So it isn't a written legal contract, but it can have certain basic (very basic at the moment) legal obligations coded into it. But for the purposes of this example let's use the example above of a manufacturer and a producer. The manufacturer and material provider may enter into a written legal contract to provide materials. They agree that they will use a blockchain for this transaction to track materials and then release funds on delivery of goods. Let's say that in our example they use a permissioned blockchain (private, see above) and only they can see what goes on. Both the manufacturer and materials provider would be able to see where their goods were (i.e. processing, customs, in transit). The smart contract itself wouldn't necessarily promote transparency, because this is literally a bit of code which most likely only the developers of the blockchain would be able to understand. It is more the transparency of the blockchain itself and the stages of the transaction that blockchain derives its benefits from, and the smart contracts are the driving force behind it.

IBM and Maersk (the shipping container company) have slowly been expanding their blockchain platform to improve efficiency of shipping cargo and provide a good real-world example https://www.coindesk.com/ibm-maersk-finally-sign-up-2-big-carriers-for-shipping-blockchain.
 

Sophia Dali

Standard Member
May 15, 2019
7
0
Thank you!
The name "smart contract" is actually really misleading and the guy who coined it, Nick Szabo, regretted calling it that because of what its actual function is - it is not a legally enforceable contract. A smart contract its essentially a bit of code that is designed to automatically produce a certain result when certain events happen. So the action of X and Y happening = the result of Z. A more practical example is say when the temperature on a farm remains above forty degrees for a period of five days then this would trigger an insurance payout to the farmer for any damage to their crops. Or when a manufacturer acknowledges receipt of materials then then this automatically triggers the release of funds from their bank account to the material provider with no manual human intervention needed.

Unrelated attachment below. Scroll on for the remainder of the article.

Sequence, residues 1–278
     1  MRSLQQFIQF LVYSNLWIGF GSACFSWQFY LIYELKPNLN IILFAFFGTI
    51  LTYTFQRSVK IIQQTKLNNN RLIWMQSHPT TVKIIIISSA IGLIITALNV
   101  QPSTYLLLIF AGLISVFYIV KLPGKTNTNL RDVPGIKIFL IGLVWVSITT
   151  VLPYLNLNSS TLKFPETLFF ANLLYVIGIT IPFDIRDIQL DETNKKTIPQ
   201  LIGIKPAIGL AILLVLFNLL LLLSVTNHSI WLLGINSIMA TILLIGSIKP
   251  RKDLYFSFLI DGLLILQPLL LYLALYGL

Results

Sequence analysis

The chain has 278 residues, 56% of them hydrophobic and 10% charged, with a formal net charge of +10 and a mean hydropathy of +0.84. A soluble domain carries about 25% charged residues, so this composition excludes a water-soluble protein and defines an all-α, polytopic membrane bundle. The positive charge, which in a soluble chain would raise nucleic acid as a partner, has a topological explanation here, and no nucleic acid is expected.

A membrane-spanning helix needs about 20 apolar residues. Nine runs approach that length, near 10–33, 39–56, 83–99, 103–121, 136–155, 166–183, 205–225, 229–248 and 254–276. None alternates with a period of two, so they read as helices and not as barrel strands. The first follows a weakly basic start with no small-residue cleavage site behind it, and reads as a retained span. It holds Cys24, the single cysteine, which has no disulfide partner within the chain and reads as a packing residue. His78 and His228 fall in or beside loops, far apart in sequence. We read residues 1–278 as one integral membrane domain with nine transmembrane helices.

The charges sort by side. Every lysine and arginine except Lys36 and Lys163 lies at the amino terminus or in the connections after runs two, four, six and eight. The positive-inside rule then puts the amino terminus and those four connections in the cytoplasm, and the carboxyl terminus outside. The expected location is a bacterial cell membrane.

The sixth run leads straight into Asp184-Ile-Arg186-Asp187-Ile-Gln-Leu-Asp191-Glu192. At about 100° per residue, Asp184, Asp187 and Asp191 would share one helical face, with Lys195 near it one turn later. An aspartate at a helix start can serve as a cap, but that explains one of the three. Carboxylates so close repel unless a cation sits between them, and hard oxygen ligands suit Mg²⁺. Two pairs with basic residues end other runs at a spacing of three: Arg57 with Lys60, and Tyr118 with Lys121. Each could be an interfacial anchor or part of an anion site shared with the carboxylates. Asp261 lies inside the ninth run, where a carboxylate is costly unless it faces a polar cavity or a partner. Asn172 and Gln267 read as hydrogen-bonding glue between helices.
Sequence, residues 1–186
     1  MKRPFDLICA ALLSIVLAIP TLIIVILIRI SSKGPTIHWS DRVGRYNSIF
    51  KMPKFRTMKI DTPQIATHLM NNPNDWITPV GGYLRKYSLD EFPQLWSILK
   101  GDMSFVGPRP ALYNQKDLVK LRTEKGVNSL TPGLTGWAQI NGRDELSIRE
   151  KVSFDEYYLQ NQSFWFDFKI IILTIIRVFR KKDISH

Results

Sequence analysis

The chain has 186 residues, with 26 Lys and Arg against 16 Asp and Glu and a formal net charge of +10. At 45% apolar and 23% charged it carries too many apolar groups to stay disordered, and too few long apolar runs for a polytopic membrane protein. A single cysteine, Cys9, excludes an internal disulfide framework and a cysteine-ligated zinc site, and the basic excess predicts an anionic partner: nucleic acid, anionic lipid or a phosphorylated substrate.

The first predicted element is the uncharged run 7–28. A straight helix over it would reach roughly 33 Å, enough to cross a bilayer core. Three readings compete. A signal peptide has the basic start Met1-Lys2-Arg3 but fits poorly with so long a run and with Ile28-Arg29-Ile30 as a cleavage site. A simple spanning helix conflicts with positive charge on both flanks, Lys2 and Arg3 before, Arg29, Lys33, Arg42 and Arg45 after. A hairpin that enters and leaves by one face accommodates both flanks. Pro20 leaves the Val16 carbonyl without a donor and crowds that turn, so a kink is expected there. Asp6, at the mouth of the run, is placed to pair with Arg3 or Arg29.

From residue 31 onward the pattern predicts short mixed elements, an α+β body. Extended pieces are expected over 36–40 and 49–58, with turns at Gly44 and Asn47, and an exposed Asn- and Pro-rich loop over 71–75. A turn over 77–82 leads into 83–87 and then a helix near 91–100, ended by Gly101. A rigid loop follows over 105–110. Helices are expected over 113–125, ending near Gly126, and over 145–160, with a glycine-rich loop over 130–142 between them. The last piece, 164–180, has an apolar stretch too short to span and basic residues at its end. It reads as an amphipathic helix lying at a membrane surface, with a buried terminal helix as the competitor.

So it isn't a written legal contract, but it can have certain basic (very basic at the moment) legal obligations coded into it. But for the purposes of this example let's use the example above of a manufacturer and a producer. The manufacturer and material provider may enter into a written legal contract to provide materials. They agree that they will use a blockchain for this transaction to track materials and then release funds on delivery of goods. Let's say that in our example they use a permissioned blockchain (private, see above) and only they can see what goes on. Both the manufacturer and materials provider would be able to see where their goods were (i.e. processing, customs, in transit). The smart contract itself wouldn't necessarily promote transparency, because this is literally a bit of code which most likely only the developers of the blockchain would be able to understand. It is more the transparency of the blockchain itself and the stages of the transaction that blockchain derives its benefits from, and the smart contracts are the driving force behind it.

IBM and Maersk (the shipping container company) have slowly been expanding their blockchain platform to improve efficiency of shipping cargo and provide a good real-world example https://www.coindesk.com/ibm-maersk-finally-sign-up-2-big-carriers-for-shipping-blockchain.